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This question addresses calculating a p value from the mean and standard deviation statistics of a sample. I understand that the -general- philosophy is to divide the sample standard deviation by the root of the population size to get the standard deviation of the sampling distribution, using the assumption that the standard deviation of the sample is roughly equal to the standard deviation of the hypothetical larger population. Then one calculates a z-score from the number of standard deviations of the sampling distribution to calculate what percent of the time the observed result would have occurred by random chance. I understand that the particular formula for the sampling distribution standard deviation depends on the particular statistic, say difference of means is a different formula.

The texts and videos that I've looked at use language like "the sample standard deviation is the best number we have available to estimate the population standard deviation." I just don't find that explanation satisfying.

This approach hinges on the validity of estimating the standard deviation of the entire population as being approximately equal to the standard deviation of the representative sample. However, we don't make the same assumption that the mean of the population is the approximately equal to the mean of the sample. At some level, it feels like the final result of significance or non-significance is only self-validating or checking for self-consistency of an assumption that is baked into the methodology.

So to restate, why is the sample standard deviation a good approximation of the populatoin standard deviation, but the sample mean is not a good approximation of the population mean? I found online an equation for standard deviation of the sampling distribution of standard deviations:

standard error of standard deviation = .71 sample standard deviation / root N.

Does the relative narrowness of the standard error compared to standard deviation play a role in justifying the approximation?

Thank you

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closed as off-topic by Dilip Sarwate, StubbornAtom, Daryl, postmortes, StammeringMathematician Jun 16 at 16:28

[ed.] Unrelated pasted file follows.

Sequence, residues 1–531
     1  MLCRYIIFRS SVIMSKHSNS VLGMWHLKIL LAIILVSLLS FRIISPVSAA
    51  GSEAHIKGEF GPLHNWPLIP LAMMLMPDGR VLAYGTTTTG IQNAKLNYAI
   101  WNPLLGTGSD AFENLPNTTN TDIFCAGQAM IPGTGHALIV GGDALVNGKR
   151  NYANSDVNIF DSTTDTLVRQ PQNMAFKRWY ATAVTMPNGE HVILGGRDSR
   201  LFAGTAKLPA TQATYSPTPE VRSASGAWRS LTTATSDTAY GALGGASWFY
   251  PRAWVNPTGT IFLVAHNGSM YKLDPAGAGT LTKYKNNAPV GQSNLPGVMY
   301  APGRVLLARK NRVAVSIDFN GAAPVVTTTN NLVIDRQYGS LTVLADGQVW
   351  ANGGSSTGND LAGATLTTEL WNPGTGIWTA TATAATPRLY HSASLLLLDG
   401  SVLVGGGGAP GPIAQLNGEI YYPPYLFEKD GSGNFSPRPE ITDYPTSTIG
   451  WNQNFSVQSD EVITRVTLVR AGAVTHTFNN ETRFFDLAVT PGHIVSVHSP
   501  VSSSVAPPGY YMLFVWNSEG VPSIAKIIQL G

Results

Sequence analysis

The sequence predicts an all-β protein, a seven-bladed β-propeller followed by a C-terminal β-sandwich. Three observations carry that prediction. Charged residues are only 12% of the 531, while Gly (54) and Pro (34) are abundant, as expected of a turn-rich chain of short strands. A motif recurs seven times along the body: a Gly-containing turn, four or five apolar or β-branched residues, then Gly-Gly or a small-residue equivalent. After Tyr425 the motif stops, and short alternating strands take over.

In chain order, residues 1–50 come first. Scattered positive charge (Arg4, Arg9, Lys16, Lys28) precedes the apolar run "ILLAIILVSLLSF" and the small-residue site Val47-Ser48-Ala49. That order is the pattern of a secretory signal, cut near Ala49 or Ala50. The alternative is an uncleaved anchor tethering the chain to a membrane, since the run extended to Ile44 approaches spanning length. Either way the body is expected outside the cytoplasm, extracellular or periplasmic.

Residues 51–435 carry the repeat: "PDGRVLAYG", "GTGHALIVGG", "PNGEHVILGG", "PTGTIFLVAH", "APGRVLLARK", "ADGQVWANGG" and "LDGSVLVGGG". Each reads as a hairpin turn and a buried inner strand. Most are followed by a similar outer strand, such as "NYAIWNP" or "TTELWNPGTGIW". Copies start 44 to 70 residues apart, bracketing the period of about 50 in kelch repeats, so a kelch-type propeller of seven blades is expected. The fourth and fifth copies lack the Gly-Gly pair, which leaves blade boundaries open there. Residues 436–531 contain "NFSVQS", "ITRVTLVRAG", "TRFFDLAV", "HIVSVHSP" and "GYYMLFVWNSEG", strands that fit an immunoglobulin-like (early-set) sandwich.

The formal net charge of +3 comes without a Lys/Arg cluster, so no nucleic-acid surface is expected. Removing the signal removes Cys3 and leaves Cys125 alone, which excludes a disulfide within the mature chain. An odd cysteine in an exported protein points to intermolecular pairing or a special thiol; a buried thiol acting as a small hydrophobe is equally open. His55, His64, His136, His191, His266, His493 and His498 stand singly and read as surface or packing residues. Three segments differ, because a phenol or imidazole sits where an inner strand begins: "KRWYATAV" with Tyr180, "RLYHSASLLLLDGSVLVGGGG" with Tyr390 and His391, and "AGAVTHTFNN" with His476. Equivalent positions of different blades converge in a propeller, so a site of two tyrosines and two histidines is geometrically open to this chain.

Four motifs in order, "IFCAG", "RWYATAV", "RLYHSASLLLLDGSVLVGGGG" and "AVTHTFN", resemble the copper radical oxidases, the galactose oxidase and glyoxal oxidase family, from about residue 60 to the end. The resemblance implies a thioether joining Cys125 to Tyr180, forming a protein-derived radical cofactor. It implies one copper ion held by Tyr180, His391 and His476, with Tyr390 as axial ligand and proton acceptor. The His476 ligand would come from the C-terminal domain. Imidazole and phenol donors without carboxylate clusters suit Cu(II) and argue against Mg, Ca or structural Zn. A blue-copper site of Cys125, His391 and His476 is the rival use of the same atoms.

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    $\begingroup$ If you do not get an answer here, maybe try stats.stackexchange.com $\endgroup$ – GEdgar Jun 15 at 23:46
  • $\begingroup$ See en.wikipedia.org/wiki/Central_limit_theorem#Classical_CLT $\endgroup$ – 高田航 Jun 16 at 0:43
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    $\begingroup$ "So to restate, why is the sample standard deviation a good approximation of the populatoin standard deviation, but the sample mean is not a good approximation of the population mean?" Why do you think the sample mean is not a good approximation? It is the best available. For both the mean and the variance, the means of the sample estimates are equal to the population mean and variance. $\endgroup$ – herb steinberg Jun 16 at 1:19
  • $\begingroup$ Sample statistics are often used as estimators of parameters, and there are ways of comparing estimators to see which are "better." One way is bias, another the variance of the estimator - which you allude to at the end of your question. You want an estimator to have low variance so that you can expect it close to the parameter in practice. Sample mean and (corrected) variance will be the MVUEs of a normal population.Another way of comparing estimators, "maximum likelihood," seeks to construct estimators that maximize the likelihood of the observed statistics. $\endgroup$ – runway44 Jun 16 at 1:33
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    $\begingroup$ I'm voting to close this question as off-topic because the OP has followed @GEdgar's recommendation and posted the same question on stats.SE where it has already received an answer, and the OP has not deleted this one as he should. $\endgroup$ – Dilip Sarwate Jun 16 at 1:42